This may sound like a hard thing to gauge, but when you have the resources of Google, it’s actually not. For instance, by checking the ‘About Us’ and ‘Contact Us’ pages of a website (and verifying against Google Maps listings, Yellow Pages, other directories, etc), Google’s able to get a picture of how many offices a company has, where they’re located and generally how big a business is.

They’re also able to use social signals like Facebook fans, Twitter followers, LinkedIn connections, Youtube views to assess the size of a company.

Even other factors, like a company’s Wikipedia page or how many searches occur each month for a ‘brand name’ help Google to assess how big a brand is.

JCPenney would have ticked all these boxes, meaning Google would have had leeway in its algorithm for some dodgy links (either because of others pretending to be affiliated with the brand for their own personal gain or even sabotage by competitors).

The second point is probably the most valid because Google have always said it won’t penalise you for something your competitors could do to you. (Eg: Theoretically, it could have been one of JCPenney’s competitors that planted all those links to deliberately sabotage them).

Now normally, companies engaging in dodgy linking themselves leave a trail. This might be in the form of a link wheel where one of the dodgy linking domains is actually registered to the original company, requests left up on forums for paid links or even ‘honeypot traps’ set by Google where they pose as webmasters of dodgy sites trying to see who approaches them. In any case, if someone involved in dodgy linking has forgot to ‘dot an I’ or ‘cross a T’ somewhere along the way, you can bet Google will find it.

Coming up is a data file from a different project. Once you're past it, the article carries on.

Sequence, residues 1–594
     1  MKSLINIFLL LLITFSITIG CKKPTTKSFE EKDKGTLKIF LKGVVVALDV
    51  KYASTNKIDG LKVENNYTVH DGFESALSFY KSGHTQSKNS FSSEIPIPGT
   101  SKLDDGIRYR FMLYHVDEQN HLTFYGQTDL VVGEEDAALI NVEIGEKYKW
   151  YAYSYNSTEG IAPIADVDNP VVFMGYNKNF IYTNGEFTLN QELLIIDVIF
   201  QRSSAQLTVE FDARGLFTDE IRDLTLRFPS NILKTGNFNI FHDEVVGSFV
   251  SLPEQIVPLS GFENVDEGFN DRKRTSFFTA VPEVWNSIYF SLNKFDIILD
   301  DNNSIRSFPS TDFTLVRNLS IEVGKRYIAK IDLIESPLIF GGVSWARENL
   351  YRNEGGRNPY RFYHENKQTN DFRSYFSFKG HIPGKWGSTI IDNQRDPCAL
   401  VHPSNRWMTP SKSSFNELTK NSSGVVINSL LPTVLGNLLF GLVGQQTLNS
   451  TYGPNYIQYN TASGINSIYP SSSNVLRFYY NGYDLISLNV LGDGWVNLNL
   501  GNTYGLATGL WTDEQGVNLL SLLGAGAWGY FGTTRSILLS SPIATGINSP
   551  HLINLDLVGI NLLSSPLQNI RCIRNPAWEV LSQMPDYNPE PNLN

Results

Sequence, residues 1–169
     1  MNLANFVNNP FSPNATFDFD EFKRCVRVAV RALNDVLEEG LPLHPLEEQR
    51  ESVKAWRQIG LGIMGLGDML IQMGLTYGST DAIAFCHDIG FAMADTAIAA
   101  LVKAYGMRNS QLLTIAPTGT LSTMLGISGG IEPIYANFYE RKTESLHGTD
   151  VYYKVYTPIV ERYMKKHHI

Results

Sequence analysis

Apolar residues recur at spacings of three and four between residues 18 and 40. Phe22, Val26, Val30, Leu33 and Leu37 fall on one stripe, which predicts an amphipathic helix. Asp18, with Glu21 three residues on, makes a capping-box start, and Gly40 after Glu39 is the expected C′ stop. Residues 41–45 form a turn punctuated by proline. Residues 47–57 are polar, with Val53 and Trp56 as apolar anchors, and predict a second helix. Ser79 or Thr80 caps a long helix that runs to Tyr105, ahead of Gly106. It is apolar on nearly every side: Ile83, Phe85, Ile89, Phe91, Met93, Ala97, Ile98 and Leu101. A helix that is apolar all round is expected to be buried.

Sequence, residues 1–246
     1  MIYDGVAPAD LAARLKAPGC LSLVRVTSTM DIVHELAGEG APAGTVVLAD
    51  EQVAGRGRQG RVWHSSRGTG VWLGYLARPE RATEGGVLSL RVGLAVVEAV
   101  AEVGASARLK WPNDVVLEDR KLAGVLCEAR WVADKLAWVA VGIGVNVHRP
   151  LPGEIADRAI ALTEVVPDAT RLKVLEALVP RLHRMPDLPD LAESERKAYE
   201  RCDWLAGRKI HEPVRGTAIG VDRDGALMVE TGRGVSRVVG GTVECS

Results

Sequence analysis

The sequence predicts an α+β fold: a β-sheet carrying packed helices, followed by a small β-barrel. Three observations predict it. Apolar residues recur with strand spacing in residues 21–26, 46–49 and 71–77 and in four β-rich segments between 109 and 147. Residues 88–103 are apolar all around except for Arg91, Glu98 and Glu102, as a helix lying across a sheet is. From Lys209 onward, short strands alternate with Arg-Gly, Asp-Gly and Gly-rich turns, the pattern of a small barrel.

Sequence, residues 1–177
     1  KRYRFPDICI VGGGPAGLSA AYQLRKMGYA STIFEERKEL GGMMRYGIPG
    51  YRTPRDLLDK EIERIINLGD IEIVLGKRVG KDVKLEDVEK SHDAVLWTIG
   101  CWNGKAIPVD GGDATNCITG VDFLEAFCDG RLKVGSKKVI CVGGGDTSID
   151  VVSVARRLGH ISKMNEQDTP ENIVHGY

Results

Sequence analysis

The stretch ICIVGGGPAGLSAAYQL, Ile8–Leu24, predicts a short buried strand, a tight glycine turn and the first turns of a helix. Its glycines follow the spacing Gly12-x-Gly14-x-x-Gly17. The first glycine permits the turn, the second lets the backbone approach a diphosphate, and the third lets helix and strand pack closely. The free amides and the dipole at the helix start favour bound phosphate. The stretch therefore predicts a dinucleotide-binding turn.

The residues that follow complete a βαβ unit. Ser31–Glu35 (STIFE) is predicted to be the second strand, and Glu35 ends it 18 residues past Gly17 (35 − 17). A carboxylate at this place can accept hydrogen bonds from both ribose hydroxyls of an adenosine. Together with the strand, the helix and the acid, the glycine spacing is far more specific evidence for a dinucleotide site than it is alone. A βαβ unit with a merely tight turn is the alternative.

What this suggests is that either the firm engaged in the dodgy linking was covering their tracks perfectly or the few blemishes they did have were being offset by the ‘value of the brand.’ Either way, Google’s algorithm didn’t have enough evidence to punish them.

However, when the story broke and JCPenney fired their SEO firm, it gave Google enough evidence to suggest they had been doing it deliberately and imposed a manual penalty on them.

What this case highlights more than anything is that the world of link-building, whilst necessary to get solid rankings, has a very black underbelly and all businesses need to be careful about which SEO firm they choose to deal with, as picking the ‘wrong’ one can have disastrous consequences online.

Craig Somerville is a Director at Reload Media, having worked extensively on the digital and online strategies of leading companies within Australia and around the world. With a background in marketing and economics, Craig's unique experience offers great insight into how the world of search and online marketing is changing in today's rapid marketplace. He is also a Google AdWords Qualified Professional and regularly consults on all aspects of digital marketing including search engine optimisation (SEO), search engine marketing (SEM) and social media.